But the Internet culture that celebrates all work all the time doesn’t accord value to anything that isn’t easily monetized — or corporatized. The importance of leisure time, of being able to support yourself with a day job to pursue other ends, to rehearse and canvass and organize and noodle and reflect, is totally at odds with the all-connected-all-the-time upside-potential lifestyle of the dot-com people.
Gabriel Metcalf, deputy director of San Francisco Planning and Urban Research Association (SPUR), says that the newcomers to the city are “much less politically active; don’t join neighborhood associations.”
Well, sure. Unlike traditional émigres to San Francisco, who came for the landscape or to live in a human-scale, cosmopolitan, liberal city or to explore whatever personal desires, strange art forms and political activism they couldn’t in their own hometown, the dot-com people are coming mostly for the money — whatever San Francisco has been historically or culturally is beside the point. San Francisco is a collection of distinctive villages with their own microclimates and strong community feeling, from North Beach to Noe Valley to the Haight to Bernal Heights, but that’s not why it’s become the top destination for graduating MBAs. Dot-com people just need a place to crash after they work 15 hours a day — sleep is for the weak and sickly. They haven’t lived here long enough to know or care about civic issues, for the most part — and for those who subscribe to the prevailing high-tech orthodoxy of libertarianism, there’s not much reason for them to care.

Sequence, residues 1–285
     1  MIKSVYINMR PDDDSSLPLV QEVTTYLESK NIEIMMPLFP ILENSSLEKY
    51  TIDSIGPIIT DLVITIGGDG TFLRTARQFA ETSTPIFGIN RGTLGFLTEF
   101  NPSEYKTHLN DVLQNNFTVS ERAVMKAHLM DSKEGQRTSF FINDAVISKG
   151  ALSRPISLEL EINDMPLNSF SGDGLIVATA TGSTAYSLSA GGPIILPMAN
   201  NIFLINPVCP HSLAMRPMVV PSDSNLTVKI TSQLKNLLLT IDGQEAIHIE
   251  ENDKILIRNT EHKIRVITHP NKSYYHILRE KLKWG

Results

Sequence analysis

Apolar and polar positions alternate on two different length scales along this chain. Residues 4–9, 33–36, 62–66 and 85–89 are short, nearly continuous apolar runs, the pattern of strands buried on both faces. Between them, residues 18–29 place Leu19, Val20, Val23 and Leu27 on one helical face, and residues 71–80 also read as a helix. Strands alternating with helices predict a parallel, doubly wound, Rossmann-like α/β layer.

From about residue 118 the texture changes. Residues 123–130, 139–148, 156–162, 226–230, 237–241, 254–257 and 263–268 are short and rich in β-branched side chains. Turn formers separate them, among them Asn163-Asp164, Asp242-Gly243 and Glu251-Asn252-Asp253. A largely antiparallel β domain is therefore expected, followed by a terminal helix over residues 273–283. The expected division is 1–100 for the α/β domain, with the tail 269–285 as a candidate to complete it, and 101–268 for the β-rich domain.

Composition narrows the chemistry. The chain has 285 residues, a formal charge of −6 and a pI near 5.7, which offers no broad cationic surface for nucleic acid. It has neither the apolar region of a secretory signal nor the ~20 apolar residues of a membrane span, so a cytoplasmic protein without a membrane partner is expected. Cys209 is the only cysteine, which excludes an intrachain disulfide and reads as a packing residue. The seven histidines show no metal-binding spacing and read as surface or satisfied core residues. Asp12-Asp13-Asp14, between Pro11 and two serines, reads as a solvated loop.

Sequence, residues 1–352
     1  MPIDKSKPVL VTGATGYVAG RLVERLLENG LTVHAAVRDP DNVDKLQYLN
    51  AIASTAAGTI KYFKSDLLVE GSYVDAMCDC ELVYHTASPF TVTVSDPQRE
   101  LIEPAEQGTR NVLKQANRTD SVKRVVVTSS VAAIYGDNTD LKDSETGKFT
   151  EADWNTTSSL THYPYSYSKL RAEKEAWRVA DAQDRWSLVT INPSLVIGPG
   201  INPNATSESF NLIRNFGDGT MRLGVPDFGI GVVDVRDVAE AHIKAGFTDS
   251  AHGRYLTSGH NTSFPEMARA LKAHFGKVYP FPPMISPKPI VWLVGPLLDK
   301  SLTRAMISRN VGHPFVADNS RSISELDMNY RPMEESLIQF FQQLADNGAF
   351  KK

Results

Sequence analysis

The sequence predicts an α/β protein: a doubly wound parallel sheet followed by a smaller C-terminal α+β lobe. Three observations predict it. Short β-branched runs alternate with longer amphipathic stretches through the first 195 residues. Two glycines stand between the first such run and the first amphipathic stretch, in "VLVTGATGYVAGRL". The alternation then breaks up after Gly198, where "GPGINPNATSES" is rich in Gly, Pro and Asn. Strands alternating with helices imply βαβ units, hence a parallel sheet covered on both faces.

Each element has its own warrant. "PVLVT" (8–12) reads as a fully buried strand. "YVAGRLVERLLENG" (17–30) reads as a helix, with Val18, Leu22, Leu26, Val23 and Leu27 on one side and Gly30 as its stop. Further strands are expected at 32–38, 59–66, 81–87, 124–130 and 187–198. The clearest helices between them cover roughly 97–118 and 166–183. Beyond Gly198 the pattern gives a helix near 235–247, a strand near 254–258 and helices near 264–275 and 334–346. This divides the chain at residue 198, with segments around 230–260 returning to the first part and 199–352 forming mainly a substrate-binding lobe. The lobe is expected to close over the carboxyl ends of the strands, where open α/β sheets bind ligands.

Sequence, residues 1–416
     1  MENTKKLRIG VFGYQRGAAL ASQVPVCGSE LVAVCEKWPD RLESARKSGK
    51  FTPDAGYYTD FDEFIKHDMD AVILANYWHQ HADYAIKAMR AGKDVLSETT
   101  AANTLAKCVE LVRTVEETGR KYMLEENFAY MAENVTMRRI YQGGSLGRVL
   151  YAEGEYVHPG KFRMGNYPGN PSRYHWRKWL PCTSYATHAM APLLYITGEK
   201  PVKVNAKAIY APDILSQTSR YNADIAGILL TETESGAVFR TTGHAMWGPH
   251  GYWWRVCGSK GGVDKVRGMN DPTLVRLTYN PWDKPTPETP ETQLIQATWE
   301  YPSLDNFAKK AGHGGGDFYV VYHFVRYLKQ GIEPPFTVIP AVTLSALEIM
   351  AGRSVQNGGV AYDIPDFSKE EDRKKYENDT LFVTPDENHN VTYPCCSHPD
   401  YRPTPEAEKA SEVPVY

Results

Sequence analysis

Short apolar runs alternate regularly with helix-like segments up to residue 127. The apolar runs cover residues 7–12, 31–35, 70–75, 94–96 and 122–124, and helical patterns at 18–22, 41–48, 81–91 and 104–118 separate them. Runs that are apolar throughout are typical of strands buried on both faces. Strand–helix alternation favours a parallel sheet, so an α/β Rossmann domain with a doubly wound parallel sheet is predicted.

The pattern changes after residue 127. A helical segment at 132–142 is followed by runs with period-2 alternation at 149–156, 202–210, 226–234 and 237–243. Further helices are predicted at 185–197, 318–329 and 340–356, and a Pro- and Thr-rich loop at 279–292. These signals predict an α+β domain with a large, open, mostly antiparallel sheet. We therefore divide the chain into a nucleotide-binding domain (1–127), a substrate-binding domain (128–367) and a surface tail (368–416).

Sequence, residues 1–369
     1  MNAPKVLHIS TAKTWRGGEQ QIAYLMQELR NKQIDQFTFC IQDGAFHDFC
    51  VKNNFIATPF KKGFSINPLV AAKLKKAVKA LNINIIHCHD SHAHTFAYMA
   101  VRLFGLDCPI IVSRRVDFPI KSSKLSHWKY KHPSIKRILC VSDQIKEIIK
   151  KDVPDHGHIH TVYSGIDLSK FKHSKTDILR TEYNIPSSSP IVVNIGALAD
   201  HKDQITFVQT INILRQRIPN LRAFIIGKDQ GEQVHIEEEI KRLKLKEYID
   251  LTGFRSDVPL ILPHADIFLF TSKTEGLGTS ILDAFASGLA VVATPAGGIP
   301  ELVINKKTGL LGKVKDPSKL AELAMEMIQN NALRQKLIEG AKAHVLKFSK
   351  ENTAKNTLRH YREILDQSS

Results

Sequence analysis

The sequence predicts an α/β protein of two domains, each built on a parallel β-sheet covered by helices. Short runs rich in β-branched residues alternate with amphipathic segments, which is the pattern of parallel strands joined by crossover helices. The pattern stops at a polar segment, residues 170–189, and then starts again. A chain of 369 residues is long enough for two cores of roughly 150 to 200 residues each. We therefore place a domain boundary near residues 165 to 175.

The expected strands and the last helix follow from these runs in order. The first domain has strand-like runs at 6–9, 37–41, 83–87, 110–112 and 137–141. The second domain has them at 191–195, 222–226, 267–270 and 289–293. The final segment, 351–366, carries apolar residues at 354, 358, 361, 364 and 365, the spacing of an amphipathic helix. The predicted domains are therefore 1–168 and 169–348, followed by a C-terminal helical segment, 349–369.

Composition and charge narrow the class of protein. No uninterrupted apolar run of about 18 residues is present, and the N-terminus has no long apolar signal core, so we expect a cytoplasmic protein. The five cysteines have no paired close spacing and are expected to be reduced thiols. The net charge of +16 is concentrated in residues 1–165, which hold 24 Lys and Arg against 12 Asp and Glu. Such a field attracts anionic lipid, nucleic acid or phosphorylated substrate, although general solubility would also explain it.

Larry Rothstein, a San Francisco plaintiff’s attorney for 20 years, talks about the “I’ve got mine so screw you” attitude of the dot-com folks he has been running into “in the last couple of years” on San Francisco juries. “They’re just here to make a buck and quickly leapfrog up the corporate ladder,” he says. “They grew up under Reagan-Bush and parrot the line about how frivolous lawsuits are bad for business and how nothing must interfere with profit flow of a company. They’re under- and un-educated — they’ve only ever worked in high tech, can’t imagine what it’s like to not have insurance, not be able to afford a car, not be able to get a job. They have sick pay, they have a safety net, they have money, and can’t understand that there are people who don’t. They have a total lack of spirituality or soul. They’re a new generation of Republicans.”
This in San Francisco, the city that all the world likes to deride for the silliness of its political correctness? Truly, these are end times.